This melodramatic love story can be compared to many other stories of a wrongfully imprisoned man ripped away from his family, seen numerous times over in a variety of films. Audiences would go to see this picture and enjoy it for one reason, and it can be seen in its title. Most of the budget is delegated for the epic storm sequence that encompasses the final twenty minutes of the picture, which is clearly manifested in the high quality special effects of extraordinary power and realism. In the end audiences would feel like they survived a horrific event along with the picture’s hero.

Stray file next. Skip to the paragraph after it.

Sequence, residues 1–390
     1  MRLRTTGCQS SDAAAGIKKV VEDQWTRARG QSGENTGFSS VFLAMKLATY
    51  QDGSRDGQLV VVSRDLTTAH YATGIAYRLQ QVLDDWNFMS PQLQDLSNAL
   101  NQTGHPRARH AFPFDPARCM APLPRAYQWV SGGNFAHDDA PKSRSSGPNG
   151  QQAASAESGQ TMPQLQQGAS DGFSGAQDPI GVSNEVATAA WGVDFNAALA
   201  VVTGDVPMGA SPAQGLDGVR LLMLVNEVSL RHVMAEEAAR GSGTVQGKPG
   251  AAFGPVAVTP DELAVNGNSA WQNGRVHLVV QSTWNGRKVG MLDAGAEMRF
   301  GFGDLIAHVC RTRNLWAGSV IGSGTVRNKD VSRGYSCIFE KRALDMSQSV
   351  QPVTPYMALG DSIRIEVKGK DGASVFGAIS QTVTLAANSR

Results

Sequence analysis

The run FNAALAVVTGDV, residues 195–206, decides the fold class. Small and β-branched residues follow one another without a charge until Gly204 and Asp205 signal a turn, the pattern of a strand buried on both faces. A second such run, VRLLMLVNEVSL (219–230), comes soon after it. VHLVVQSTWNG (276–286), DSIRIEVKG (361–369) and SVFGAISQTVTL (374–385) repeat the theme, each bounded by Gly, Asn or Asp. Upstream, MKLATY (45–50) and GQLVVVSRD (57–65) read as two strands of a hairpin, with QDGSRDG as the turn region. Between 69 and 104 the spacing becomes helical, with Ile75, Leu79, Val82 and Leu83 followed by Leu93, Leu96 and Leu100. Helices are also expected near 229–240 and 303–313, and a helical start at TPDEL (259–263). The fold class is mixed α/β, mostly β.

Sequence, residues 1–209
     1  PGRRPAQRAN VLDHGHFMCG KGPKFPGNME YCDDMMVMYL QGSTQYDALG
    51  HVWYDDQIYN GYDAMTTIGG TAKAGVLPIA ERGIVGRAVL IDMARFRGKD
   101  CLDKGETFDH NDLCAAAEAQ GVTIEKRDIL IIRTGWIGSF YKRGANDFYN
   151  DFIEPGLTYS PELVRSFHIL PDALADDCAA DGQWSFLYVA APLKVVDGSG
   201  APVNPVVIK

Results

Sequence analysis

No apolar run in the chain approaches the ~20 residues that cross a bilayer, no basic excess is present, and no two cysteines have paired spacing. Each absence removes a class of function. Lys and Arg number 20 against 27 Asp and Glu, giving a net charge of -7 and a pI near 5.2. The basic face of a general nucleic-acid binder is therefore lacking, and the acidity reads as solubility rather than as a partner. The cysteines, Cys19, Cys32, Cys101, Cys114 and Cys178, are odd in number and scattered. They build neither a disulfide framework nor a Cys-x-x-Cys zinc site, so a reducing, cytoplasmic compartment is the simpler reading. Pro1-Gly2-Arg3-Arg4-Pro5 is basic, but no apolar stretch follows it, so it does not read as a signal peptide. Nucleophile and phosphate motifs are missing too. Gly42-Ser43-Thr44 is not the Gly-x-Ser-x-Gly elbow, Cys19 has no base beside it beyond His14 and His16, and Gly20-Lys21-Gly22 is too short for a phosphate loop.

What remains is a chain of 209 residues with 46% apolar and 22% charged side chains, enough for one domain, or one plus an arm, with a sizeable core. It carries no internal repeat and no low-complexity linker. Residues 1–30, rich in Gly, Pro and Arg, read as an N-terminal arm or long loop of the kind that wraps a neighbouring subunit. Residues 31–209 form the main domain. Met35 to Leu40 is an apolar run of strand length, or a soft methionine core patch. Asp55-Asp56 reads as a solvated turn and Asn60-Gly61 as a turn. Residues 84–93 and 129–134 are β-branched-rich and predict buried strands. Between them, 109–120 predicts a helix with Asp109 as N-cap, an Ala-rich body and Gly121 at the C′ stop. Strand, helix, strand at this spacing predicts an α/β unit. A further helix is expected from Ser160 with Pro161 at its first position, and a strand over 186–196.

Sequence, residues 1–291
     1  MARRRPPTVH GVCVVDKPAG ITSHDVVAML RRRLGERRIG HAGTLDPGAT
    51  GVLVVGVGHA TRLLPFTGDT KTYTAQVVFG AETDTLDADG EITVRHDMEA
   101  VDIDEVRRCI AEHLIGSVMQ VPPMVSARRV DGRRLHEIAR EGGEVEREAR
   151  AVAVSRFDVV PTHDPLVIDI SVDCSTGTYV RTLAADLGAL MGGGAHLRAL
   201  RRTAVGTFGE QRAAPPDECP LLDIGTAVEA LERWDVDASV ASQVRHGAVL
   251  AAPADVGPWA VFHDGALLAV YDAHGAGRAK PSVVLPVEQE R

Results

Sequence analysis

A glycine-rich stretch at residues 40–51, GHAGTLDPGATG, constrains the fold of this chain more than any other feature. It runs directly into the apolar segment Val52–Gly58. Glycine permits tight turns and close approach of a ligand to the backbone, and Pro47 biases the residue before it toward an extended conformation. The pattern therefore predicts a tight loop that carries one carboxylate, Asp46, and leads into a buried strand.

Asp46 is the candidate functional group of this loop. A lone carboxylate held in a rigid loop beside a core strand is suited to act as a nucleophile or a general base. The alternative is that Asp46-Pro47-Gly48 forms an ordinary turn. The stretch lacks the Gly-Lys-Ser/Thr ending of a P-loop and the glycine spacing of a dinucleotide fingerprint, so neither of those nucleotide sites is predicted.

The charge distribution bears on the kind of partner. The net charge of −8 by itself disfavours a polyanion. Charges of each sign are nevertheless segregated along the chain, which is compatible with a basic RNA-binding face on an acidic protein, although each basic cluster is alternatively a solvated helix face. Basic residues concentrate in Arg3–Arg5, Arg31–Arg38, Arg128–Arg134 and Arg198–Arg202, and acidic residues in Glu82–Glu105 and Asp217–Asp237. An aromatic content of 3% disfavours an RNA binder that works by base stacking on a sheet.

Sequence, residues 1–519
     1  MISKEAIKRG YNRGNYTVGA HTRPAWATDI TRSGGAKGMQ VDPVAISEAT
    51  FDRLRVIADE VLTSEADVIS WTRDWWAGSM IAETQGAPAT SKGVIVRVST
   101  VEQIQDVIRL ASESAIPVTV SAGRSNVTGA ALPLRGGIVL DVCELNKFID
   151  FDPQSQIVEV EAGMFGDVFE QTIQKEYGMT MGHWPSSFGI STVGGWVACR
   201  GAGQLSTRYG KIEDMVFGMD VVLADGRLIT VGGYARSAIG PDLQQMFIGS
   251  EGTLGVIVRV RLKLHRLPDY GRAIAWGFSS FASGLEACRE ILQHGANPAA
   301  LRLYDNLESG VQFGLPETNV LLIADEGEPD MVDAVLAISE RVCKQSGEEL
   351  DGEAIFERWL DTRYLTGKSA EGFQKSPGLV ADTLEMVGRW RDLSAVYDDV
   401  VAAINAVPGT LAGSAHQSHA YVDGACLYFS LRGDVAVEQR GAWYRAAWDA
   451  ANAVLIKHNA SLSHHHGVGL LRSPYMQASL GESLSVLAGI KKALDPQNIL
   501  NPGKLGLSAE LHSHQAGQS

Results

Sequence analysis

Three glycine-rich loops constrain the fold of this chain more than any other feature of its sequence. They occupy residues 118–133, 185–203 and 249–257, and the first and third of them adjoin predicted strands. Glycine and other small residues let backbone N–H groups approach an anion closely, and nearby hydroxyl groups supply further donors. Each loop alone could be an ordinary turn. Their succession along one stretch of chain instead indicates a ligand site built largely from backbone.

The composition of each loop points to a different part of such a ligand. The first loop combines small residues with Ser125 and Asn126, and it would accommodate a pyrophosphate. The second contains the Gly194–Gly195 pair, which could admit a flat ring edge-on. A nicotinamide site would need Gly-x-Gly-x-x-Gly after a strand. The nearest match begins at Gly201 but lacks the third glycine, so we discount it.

John Ford would be one of the busiest and most fruitful directors of the late thirties, producing success after success with uncanny regularity. His genre of film would also fluctuate with many types of pictures, manifested earlier in the year he directed the Shirley Temple film Wee Willie Winkie. Though he is a very skilled director, the focus of the superior filmmaking skill is seen in the powerful hurricane sequence with many special effects shot, heavy use of water and wind effects, the quick editing, and the choice to edit the storm with only sound effects and no overly dramatic music. The skill and precision would make the scene easily the most significant of feature.